- Finely divided nickel is used as a catalyst in the hydrogenation of oils.
- In preparation of sulphur trioxide from sulphur dioxide, vanadium pentoxide is used as a catalyst.
Characteristics of Catalyst:
- It seems that the catalyst does not take part in the reaction but actually it forms a complex with reactant/ reactants which further regenerates into product/ products and catalyst. Thus
Reactant / Reactants → Catalyst Complex
Catalyst Complex → Product / Products + Catalyst
Thus catalyst is recovered at the end of the reaction.
- In reversible reactions, the catalyst increases the rate of both the forward reaction and the backward reaction. Thus equilibrium is not influenced by the presence of a catalyst.
- An extremely small quantity of catalyst causes a considerable increase in the rate of reaction.
- The activation energy of catalysed reaction is always lower than that of the same reaction when it is uncatalysed.
- A catalyst does not affect the energies of reactants and products. Hence the heat of reaction is the same for catalysed and uncatalysed reaction.
- The substances which inhibit the catalytic activity are called catalytic poisons. In case of conversion of SO2 into SO3 catalytic activity of platinum is totally destroyed by the presence of small traces of arsenic due to the formation of platinum arsenide. Thus, in this case, arsenic is catalytic poison.
- A catalyst increases the rate of reaction but they don’t initiate the reaction.
Inhibition or Retardation of a Reaction:
- A substance that decreases the rate of a chemical reaction is called inhibitor. The phenomenon in which the rate of chemical reaction is reduced is called inhibition or retardation.
- For Example:
- Chloroform reacts with atmospheric air to form poisonous carbonyl chloride. Thus the use of chloroform as an anaesthetic is dangerous to life. To avoid this reaction or to reduce the rate of the reaction 2% ethanol is added to chloroform. Thus ethanol acts as an inhibitor.
- Hydrogen peroxide decomposes itself and thereby reduces in strength. This decomposition can be retarded by adding dilute acid or glycerol to it. Thus the dilute acid or glycerol acts as an inhibitor.
Classification of Catalysis:
- Depending on the phases of catalyst and reaction mixture, they are classified into two types
- A homogeneous catalysis is one in which the catalyst and the reactants exist in the same phase.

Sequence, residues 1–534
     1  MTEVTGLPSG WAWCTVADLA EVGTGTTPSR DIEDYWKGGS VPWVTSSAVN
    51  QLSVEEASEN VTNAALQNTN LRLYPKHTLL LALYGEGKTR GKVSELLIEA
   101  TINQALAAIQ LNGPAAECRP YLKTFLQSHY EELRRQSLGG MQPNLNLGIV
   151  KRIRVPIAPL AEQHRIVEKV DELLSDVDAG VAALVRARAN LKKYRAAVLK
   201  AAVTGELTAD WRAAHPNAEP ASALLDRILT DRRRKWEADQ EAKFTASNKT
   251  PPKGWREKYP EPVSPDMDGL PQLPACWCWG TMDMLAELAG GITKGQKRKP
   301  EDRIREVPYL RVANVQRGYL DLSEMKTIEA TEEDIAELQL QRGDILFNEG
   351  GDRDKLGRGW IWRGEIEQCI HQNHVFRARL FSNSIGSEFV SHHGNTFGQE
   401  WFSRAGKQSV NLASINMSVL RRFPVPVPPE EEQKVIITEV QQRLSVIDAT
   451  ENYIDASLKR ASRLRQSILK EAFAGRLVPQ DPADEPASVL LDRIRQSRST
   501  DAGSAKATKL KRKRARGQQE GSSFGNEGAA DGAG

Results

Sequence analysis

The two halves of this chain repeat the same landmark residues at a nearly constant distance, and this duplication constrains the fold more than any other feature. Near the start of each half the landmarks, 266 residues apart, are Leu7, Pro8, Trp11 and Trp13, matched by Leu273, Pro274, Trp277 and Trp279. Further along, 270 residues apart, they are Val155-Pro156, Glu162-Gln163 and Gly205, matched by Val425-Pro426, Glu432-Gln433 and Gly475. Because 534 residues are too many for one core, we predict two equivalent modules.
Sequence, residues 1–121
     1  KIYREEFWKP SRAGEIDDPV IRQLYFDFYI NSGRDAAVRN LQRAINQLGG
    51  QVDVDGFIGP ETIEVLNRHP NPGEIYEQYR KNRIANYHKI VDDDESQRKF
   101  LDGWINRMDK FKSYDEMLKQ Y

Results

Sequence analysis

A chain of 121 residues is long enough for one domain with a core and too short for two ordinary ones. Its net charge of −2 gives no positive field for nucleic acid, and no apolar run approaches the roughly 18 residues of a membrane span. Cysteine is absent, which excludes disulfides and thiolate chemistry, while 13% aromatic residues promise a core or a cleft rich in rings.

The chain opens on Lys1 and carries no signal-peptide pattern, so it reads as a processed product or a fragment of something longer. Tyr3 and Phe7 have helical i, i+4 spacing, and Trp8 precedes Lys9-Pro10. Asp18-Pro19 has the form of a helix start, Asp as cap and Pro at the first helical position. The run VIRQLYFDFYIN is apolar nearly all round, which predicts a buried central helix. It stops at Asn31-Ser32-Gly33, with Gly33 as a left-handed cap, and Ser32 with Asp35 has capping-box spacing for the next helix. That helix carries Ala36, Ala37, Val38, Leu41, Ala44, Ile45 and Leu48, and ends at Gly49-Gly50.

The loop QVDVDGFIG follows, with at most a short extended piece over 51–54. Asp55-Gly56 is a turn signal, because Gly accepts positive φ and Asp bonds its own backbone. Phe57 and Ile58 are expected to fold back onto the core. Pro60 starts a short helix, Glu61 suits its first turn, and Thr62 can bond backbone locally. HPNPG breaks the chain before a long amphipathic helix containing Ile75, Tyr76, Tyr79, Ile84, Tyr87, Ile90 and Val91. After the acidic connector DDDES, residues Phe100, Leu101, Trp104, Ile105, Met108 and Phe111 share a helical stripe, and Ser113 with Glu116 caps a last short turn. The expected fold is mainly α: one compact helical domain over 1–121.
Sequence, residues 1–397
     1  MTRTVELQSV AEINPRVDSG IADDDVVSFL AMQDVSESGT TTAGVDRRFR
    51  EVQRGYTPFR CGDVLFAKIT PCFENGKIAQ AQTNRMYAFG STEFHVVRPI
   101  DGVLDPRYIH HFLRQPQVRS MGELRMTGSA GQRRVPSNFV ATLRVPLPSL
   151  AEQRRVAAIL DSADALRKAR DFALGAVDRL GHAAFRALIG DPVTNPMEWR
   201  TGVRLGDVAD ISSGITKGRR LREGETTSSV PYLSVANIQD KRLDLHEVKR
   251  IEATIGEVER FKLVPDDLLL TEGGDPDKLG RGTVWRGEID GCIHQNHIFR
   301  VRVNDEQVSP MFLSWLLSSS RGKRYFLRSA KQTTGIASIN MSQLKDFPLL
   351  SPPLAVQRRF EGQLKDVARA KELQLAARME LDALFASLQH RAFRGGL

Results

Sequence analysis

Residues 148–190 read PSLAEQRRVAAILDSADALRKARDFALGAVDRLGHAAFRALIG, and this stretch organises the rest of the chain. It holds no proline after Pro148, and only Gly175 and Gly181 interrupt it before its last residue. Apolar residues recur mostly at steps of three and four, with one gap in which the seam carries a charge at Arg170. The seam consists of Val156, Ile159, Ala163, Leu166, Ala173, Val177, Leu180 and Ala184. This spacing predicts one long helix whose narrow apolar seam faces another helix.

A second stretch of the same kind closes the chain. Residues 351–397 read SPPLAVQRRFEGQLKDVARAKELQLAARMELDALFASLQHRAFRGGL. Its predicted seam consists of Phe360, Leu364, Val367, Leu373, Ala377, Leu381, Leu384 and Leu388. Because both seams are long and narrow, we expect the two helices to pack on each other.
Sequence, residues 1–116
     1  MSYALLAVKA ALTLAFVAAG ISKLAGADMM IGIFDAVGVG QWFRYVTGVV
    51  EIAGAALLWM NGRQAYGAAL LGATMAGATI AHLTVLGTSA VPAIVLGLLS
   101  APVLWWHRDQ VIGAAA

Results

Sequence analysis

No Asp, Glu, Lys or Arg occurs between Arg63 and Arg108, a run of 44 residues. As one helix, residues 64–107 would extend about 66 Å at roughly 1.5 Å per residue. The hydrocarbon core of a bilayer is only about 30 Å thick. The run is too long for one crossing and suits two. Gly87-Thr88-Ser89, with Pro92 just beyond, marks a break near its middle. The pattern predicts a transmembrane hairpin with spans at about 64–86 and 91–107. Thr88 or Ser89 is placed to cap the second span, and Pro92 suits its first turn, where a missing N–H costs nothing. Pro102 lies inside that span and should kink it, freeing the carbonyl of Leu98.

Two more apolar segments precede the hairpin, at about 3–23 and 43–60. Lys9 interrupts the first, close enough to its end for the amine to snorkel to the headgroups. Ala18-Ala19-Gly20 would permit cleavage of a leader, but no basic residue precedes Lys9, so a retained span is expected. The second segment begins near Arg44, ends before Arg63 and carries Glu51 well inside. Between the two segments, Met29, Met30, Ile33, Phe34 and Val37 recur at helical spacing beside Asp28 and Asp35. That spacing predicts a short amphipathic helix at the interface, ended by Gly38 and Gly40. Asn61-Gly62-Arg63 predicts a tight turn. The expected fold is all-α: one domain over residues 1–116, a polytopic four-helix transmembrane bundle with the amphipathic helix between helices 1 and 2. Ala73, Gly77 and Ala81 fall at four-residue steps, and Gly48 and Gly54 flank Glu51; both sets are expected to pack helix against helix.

- A homogeneous catalyst dissolves in the gas phase or solution and acts uniformly throughout.
- Other Examples:
- A catalyst which exists in a different phase from the reactants is known as a heterogeneous catalyst and the catalysis known as heterogeneous catalysis.
- Generally, the Heterogenous catalysts are in a solid state, while the reactants are in the liquid or gaseous state.
Characteristics of Homogeneous Catalysis:
- The catalyst and the reactants form a single phase.
- The catalyst dissolves into the gas phase or solution.
- The reaction occurs in the gas phase or liquid phase.
- The catalyst is often involved in the chemical reaction.
- The catalyst cannot be easily separated from the products of the reaction.
- The rate of reaction does not depend on the surface area of the catalyst.
- These reactions are generally faster than heterogeneous catalysis.
Characteristics of Heterogeneous Catalysis:
- The catalyst and the reactants form different phases.
- The catalyst does not dissolve into reacting mixture.
- The reaction does not occur in the gas phase or liquid phase but takes place on the surface of the catalyst.
- The catalyst is not involved in the chemical reaction. It absorbs the reactants on its surface.
- The catalyst can be easily separated from the products of the reaction.
- The rate of reaction depends on the surface area of the catalyst.
- These reactions are generally slower than homogeneous catalysis.
Steps Involved in Heterogeneous Catalysis:
- The reactant molecules diffuse to the surface of the solid catalyst.
- Reactants molecules are adsorbed on the surface of the catalyst by chemical bonding between surface molecules and the reactant molecules.
- The reactants are converted into products on the surface of the catalyst.
- The product molecules leave the catalyst surface. i.e. they are desorbed.
- The product molecules then diffuse into the gaseous phase.
- The activity of catalyst depends on the strength f chemical adsorption. When a solid catalyst is highly covered by the adsorbate, the chemisorption is said to be strong and the catalyst is then active.
- If this chemisorption is too strong the adsorbate molecules become motionless on the surface, thus the activity of reacting substance decreases. Thus very strong chemisorption weakens the activity of the catalyst.
- Thus the adsorbate should get adsorbed strongly but not so strong that their activity reduces.
- The metals which lie close to the middle of d block of the periodic table are the most active catalyst.
- Different catalysts with same reacting mixture give different product. Selectivity of catalyst is its tendency to catalyse the reaction to form particular products.
- Enzymes are the biological homogeneous catalyst. They are large protein molecules. They have large complex structure.
- Enzymes are very efficient catalysts under very mild conditions in comparison with another type of catalysts. This is because the reduction in activation energy is much greater than that of other types of catalysts.
- The enzymes are highly specific in their action. They catalyse only a single reaction of a single compound.For example, the enzyme amylase catalyses the conversion of starch into glucose but don’t have any effect on cellulose.